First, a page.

Posted tagged ‘conferrings’

Graduation stories

March 28, 2010

Even very non-traditional universities like DCU do some things in a fairly traditional way. Probably one thing we share with almost every other university is the graduation ceremony, where students are formally awarded the qualification they have earned, marking the end of their direct membership of the student community (unless of course they proceed to another programme).

On two occasions I have attended such ceremonies as a graduand – one in Trinity College Dublin and the other in Cambridge. On both occasions the ceremony was entirely in Latin. Indeed the one in Cambridge amused me particularly, because it involved the Chancellor addressing me as his son (not just me, of course) and laying his hands on my head while I knelt before him. No doubt the symbolism was deliberate, and was supposed to resemble ordination; in this case ordination to what would once have been a very exclusive mystical community. I was being ordained – oops, I mean conferred – alongside an Irish student who added to this impression by instinctively adding ‘Amen’ at the end of the Latin conferring formula, no doubt a throwback to the Latin masses of his youth.

Of course since then I have attended many conferrings of others, and in the last ten years I have presided over all of DCU’s graduations. Over that period every single student who had successfully completed their programme of study or research received his or her degree from me, and if they were present at the conferring they received a handshake from me. I have calculated that I have presided at 110 such ceremonies (including those in our linked colleges), and that I have shaken some 23,000 hands. I have felt every possible (and some weird and wonderful) hand jewellery, and have watched people (and I would have to say, mainly women) crossing the stage in some pretty improbable footwear. I have seen and responded to happy smiles, as well as the occasional sullen ‘I’m-only-here-for-my-parents’ look. I have delivered 110 speeches, no two identical. And on Saturday I did all this for the last time: when next in November a student picks up their DCU award in the Helix, they will be receiving it from my successor.

On the whole, I am an informal person, just as DCU is an informal university. Still, these ceremonies have a capacity to pull me into the slightly mystical mood of something being done that is greater than what it appears to be, a rite of passage and a re-confirmation of community bonds that we hope will last beyond the years of study.

A couple of times during my term of office someone has raised the issue of whether these graduations are perhaps not part of the ethos of DCU, but every time the response has been immediate and overwhelming, and has involved a re-affirmation of the importance of these events. I suspect they will always be there, and actually I am glad.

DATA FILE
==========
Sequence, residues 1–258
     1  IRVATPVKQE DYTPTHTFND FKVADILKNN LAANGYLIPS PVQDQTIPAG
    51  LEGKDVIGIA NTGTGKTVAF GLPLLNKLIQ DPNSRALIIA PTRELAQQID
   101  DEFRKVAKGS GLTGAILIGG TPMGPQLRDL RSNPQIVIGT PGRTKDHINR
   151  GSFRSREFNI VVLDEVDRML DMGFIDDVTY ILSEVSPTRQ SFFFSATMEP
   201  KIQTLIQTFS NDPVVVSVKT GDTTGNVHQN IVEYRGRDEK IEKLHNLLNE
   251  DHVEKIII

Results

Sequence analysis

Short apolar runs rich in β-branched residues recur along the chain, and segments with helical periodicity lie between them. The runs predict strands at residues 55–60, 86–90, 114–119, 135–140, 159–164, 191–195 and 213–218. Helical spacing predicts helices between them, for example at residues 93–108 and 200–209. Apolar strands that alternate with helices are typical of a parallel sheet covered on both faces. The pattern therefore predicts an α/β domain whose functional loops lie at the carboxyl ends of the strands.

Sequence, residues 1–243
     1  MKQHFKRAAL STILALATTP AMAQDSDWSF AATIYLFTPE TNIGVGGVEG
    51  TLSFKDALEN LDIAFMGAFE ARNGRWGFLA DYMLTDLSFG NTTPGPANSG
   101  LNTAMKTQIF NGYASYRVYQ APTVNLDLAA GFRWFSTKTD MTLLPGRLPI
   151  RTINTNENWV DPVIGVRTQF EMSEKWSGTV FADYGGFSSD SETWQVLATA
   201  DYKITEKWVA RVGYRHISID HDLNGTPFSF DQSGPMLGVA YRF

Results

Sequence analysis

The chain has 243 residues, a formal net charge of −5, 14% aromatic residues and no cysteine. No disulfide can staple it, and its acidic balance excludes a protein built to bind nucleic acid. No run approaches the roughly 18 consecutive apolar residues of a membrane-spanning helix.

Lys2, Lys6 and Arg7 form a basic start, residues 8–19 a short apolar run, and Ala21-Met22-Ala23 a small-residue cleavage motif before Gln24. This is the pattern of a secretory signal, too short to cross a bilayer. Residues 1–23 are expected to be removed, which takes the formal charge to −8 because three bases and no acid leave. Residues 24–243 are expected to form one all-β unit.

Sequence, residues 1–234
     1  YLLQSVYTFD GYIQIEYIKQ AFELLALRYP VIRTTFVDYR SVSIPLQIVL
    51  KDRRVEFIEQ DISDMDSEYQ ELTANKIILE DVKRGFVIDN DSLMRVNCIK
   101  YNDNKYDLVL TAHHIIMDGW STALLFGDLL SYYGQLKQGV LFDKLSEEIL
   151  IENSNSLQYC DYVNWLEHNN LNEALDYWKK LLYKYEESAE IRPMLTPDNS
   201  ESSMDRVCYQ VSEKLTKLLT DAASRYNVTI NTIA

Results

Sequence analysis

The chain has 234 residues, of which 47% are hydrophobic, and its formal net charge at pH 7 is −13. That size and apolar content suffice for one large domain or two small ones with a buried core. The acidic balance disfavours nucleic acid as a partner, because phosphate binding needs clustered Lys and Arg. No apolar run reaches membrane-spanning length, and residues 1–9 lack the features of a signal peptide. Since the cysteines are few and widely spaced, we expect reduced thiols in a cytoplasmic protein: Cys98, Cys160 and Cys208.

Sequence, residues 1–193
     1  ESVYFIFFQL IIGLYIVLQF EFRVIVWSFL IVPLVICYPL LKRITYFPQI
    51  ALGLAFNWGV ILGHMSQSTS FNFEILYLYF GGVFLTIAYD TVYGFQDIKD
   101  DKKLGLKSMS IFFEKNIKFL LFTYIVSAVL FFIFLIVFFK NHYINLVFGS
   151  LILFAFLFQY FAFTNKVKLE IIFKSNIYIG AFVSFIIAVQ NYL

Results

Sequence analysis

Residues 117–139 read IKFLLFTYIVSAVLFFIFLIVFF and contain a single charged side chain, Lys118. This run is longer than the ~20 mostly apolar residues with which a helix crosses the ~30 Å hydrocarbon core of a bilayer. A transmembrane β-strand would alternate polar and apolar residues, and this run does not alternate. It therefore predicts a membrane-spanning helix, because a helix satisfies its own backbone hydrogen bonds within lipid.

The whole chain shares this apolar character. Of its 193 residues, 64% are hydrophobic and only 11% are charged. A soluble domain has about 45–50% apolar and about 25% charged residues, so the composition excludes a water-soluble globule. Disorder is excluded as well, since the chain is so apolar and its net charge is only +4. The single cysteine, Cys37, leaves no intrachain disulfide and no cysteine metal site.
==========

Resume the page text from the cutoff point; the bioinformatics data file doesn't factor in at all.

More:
My final outing on Saturday turned out to be an emotional affair for me. First we awarded an honorary degree to Owen Keenan, former chief executive of Barnardos – thereby again confirming DCU’s desire to support social justice as well as enterprise – and then, at the last ceremony, I received an unexpected, and probably undeserved, ovation from staff and graduates that almost left me tearful. I guess rites of passage do matter.

Discriminatory formalities?

May 6, 2009

Today someone brought an issue to my attention about which I have also long wondered – without ever doing anything about it. In DCU as in most (maybe even all) Irish universities, at graduation ceremonies the women graduands wear caps (mortar boards), while the men don’t. This seems to me to be a peculiarly Irish thing: in all UK universities I have experienced, both men and women wear mortar boards.

It seems to me that either we should  ask all graduands to wear them, or else nobody should have to wear them; but to discriminate between men and women in this way seems hard to justify. However, I have to admit I have no idea how this came about in the first place, and despite the fact that I have observed this practice since my own student days, today is the first time that I have ever heard anyone comment on it.

Anyway, I am taking the matter to the relevant decision-making bodies here in DCU, and will recommend that we stop treating males and females differently for these purposes.

On the other hand, although DCU is a modern non-traditional university, even here we do support the idea of certain formalities in graduations. A few years ago a colleague suggested that in these ceremonies the wearing of hoods and gowns should be optional, but received very little support from anyone. I suppose it is a rite of passage for which graduands, their families and our staff still like to see some ceremonial. However, it should not discriminate.